As will be described, comparator circuit 201 may use the input signals 202 and 204 to determine the output state signal (Vout) 210 through an operational amplifier 310 as: a low state for one vendor (e.g., vendor A), a high state for another vendor (e.g., vendor B), or an error state (e.g., an oscillation signal—such as, a 50% duty cycle oscillation) for a miss-match of vendor speakers (e.g., vendor speakers A and B connected). The comparator circuit 201 may be a rail-to-rail, push-pull comparator powered by Vcc 312, as shown. It should be appreciated that FIG. 3 is just an example of a comparator circuit that may be utilized to implement the determination of matching or non-matching speakers 14 and 15 from common or different vendors.

In this example, FIG. 3 shows a first speaker 14 (left hand side) and a second speaker 15 (right hand side) connected to comparator circuit 201, in which the comparator circuit 201 includes various resistors and a capacitor 315 and operational amplifier 310 that outputs the state signal 210 (Vout). Speakers 14 and 15 may be from either a first or second speaker vendors (e.g., vendor A or vendor B) or may be a miss match/error case (e.g., a speaker from vendor A and a speaker from vendor B). Comparator circuit 201 through operational amplifier 310 may output a single state signal output (Vout) 210 to designate to data processor 8 whether: vendor A speakers are attached; vendor B speakers are attached, or a miss-match of vendor speakers are attached. In this way, data processor 8 may implement the appropriate software: EQ software for speakers from Vendor A 220; EQ software for speakers from Vendor B 222; Different Vendor software 230 to indicate speaker error—as previously described in detail. It should be noted that, as examples, as will be described in more detail, one speaker vendor (e.g., vendor A) may have pins 1 and 6 shorted with a jumper wire 310 whereas another speaker vendor (e.g., vendor B) does not have a jumper present.

As a first particular example, as shown in FIG. 3, for one speaker vendor (e.g., vendor A), two pins of pin sets 302 and 304, pin 6, may be shorted to ground 311. Further, pin 1 of the first left speaker 14 is connected to left speaker input signal 202 and pin 1 of the second right speaker 15 is connected to the right input signal 204, both of which are connected to the positive input of the operational amplifier 310 of the comparator circuit 201.

With additional reference to FIG. 4, an example of the operation of comparator circuit 201, in which the first and second speakers 14 and 15 from vendor A are connected and are grounded to ground 311, will be described. In this example, the speaker ID inputs 202 and 204 are both connected to GND 311 effectively removing the connections to Vcc 312. The positive input to the operational amplifier 310 is pulled low through three parallel resistors 320. Further, at startup, voltage Vc of capacitor 315 should be approximately 0 V.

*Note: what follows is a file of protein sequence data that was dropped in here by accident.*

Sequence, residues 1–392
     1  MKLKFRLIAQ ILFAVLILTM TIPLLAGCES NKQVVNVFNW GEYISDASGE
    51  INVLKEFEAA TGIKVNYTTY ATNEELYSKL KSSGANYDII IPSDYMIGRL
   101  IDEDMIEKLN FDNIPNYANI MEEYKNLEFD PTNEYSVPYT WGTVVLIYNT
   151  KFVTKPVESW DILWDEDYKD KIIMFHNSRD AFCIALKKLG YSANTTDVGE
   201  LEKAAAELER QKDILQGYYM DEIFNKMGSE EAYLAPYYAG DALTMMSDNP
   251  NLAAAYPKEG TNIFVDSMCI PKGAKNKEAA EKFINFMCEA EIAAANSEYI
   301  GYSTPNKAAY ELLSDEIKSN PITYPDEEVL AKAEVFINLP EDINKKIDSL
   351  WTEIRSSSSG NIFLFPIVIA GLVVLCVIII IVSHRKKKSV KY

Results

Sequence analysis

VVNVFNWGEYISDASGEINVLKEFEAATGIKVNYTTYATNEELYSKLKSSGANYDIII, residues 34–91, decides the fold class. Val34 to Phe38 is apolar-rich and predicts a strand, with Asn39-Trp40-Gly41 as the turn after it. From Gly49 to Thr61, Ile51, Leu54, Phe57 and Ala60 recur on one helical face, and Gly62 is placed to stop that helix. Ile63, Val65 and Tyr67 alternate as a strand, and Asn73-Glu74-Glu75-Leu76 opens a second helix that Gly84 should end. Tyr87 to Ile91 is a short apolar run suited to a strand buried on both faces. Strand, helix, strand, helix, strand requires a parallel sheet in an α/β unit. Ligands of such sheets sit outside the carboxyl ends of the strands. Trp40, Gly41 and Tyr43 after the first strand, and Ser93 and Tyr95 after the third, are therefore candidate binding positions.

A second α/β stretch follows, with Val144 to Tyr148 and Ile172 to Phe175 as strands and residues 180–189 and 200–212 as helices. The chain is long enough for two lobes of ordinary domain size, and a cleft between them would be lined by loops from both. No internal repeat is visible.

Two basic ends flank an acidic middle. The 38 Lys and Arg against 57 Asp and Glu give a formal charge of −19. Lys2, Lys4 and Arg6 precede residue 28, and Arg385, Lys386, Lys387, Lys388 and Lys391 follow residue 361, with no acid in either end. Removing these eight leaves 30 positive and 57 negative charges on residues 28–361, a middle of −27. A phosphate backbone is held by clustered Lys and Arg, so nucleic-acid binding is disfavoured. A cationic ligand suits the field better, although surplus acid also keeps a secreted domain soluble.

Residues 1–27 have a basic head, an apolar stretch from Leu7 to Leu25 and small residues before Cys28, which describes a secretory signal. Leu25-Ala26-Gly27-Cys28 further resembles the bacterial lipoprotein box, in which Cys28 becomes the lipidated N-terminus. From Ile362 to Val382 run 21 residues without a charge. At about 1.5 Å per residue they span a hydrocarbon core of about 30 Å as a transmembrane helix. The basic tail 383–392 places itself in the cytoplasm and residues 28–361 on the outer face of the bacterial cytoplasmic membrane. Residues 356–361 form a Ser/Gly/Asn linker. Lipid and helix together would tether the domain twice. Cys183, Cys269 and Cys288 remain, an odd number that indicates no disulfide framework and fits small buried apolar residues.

Noise on the inputs to the operational amplifier 310 could result in the output state signal (Vout) 210 going either low or high.

In the output low case, the positive input to the operational amplifier 310 is pulled low through the three parallel resistors 320. With additional reference to FIG. 5, after several time constants, the voltage at the negative input of the operational amplifier 310 may approximately settle to 0.1 Vcc 313 [VDIV]. Because the negative input to the operational amplifier 310 is greater than the positive input to the operational amplifier 310, the output of the operational amplifier 310, state signal 210 (Vout), should always remain low. In this way, the outputted state signal 210 of comparator circuit 201 is a low state signal.

In the output high case, with additional reference to FIG. 6, the voltage at the positive input to the operational amplifier 310 may be 0.33 Vcc [VDIV] 321. In this instance, with additional reference to FIG. 7, the capacitor 315 at the negative input to the operational amplifier 310 will attempt to charge to 0.7 Vcc 317 [VDIV]. However, when it reaches 0.33 Vcc, the operational amplifier's 310 output (Vout 210) will go low. All three resistors 320 connected to the positive input of the operational amplifier 310 will be pulled low. The capacitor 315 at the negative input will discharge to 0.1 Vcc, which is still greater than GND, so that operational amplifier 310 output Vout 210 will remain low. In this way, the outputted state signal 210 of comparator circuit 201 is a low state signal.

With additional reference to FIG. 8, in another embodiment, in which the first and second speakers 14 and 15 are from another vendor (e.g., vendor B), both of the speakers are directly connected (e.g., without being directly grounded) to the comparator circuit 201. In particular, the left and right speaker input lines 202 and 204 are both floating, leaving each leg tied to Vcc 312 through two series R resistors 350.

In this example, at startup, the voltage of capacitor 315 (Vc) should be zero. The positive input of operational amplifier 310 should be pulled high through the parallel 2R-2R-R resistors 350. Therefore, the operational amplifier 310 output will remain positive. The capacitor 315 at the negative input of the operational amplifier 310 should charge to 0.7 Vcc; which is not high enough to turn the operational amplifier 310 output low. Because of this, the operational amplifier 310 output 201 Vout provides a high state signal to the data processor 8, as previously described. Thus, in this way, the outputted state signal 210 of comparator circuit 201 is a high state signal.